It was nine-thirty in the evening, and Nicholas decided it was time to take the woman with the lap for her walk. They strolled down the sidewalk and turned a corner to head to the place where Nicholas liked to look for the cat that always hid, crouched, under a bush or a car and never moved when Nicholas barked.
A few more steps, a few more sniffs, and there it was in the dimness of October nine-thirty gray. Nicholas leapt forth into valiant barking - then stopped. The cat was not a cat. The cat was an enormous raccoon.
For just a second, all three creatures - Nicholas, the raccoon and the woman with the lap - shared that very particular, intimate animal moment: locked in a stare, linked in mutual anticipation.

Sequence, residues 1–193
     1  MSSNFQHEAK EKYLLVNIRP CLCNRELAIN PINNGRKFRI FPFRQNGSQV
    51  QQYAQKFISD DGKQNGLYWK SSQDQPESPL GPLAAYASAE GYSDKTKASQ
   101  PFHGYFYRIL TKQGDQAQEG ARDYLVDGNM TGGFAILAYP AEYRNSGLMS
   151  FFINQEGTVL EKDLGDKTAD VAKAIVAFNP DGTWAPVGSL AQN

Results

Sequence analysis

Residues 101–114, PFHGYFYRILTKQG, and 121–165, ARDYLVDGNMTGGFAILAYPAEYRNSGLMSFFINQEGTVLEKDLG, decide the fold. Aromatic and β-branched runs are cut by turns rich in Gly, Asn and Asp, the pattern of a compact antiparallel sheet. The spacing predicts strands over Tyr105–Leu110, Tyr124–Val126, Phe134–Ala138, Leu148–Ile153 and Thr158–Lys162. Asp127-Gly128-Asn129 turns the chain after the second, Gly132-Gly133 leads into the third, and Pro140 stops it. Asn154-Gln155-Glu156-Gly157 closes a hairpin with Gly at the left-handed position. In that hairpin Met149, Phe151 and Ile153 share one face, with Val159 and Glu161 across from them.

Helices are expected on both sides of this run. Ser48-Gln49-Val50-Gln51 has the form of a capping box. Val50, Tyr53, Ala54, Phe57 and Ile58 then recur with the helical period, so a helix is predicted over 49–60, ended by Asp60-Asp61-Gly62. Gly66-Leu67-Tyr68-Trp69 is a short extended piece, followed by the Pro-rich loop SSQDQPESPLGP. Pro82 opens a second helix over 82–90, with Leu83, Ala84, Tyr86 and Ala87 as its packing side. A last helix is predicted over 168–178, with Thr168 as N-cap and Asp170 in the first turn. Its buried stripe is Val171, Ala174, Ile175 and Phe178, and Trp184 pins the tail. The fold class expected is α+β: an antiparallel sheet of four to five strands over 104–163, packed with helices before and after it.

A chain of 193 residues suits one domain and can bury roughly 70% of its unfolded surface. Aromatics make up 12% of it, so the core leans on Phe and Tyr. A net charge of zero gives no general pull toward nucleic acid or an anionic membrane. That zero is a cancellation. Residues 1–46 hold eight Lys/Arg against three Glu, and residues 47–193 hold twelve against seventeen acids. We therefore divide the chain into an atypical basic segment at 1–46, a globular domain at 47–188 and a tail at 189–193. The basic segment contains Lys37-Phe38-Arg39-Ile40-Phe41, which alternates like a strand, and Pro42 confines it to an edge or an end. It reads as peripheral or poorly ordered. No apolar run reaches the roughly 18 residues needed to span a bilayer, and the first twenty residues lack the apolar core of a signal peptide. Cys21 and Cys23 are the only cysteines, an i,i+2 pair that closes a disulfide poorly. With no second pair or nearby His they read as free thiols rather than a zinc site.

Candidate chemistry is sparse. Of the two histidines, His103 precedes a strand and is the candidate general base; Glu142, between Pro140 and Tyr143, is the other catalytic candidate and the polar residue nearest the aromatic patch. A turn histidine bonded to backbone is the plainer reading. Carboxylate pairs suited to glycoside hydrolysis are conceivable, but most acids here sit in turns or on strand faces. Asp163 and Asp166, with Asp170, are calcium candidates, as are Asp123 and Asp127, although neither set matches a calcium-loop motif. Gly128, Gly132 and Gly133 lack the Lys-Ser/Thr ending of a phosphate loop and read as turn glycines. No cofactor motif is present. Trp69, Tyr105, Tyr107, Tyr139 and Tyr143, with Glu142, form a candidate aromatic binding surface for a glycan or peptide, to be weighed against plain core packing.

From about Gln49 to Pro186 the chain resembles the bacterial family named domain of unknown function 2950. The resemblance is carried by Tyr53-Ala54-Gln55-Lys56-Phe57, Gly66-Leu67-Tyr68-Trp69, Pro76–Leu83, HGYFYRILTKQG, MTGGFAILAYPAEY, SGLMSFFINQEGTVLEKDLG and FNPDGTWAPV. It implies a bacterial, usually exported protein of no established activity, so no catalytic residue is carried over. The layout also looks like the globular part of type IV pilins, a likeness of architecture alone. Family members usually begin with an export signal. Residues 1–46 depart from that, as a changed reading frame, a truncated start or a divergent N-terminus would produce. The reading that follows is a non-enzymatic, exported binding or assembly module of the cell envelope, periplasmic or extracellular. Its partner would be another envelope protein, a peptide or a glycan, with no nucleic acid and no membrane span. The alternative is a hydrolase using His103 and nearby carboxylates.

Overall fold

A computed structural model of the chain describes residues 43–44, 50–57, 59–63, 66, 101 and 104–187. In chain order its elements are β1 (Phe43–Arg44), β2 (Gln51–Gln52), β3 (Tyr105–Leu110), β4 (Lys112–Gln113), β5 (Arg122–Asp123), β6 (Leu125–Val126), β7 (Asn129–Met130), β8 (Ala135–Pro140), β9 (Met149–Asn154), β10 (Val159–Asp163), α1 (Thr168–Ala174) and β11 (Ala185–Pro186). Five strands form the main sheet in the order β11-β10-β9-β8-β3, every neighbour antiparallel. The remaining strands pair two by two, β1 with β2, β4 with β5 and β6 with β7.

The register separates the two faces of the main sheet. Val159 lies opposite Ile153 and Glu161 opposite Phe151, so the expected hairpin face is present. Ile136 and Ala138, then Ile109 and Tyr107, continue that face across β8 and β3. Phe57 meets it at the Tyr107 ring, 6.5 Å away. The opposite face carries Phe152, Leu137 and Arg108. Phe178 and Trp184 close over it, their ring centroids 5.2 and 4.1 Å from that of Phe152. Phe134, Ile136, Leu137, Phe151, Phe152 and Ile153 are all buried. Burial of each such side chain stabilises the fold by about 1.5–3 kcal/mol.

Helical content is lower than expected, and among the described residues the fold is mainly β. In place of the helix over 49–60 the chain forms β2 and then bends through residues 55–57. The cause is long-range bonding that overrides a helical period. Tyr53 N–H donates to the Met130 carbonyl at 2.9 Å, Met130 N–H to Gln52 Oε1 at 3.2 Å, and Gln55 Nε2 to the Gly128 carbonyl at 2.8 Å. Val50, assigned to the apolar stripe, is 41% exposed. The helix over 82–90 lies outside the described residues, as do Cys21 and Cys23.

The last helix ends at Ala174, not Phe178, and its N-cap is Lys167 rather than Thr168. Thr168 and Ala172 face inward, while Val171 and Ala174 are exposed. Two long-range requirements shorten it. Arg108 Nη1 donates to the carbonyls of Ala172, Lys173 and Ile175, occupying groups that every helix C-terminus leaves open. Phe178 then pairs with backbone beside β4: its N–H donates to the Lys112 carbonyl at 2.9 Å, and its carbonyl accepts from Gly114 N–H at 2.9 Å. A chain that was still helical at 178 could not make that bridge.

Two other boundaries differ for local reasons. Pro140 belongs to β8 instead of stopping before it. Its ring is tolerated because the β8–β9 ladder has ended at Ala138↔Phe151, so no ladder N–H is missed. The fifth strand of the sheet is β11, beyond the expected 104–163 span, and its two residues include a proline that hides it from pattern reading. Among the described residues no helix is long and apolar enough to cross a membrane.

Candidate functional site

Nicholas figured he could take the raccoon. The raccoon figured he could take the woman with the lap.
Then the woman with the lap picked Nicholas up off the pavement and they got going back toward home. Coming down the sidewalk the other way were two men in conversation. As they passed Nicholas and the woman, one man said to the other, "When your team mate gets the ball, like, you have to get out of the way."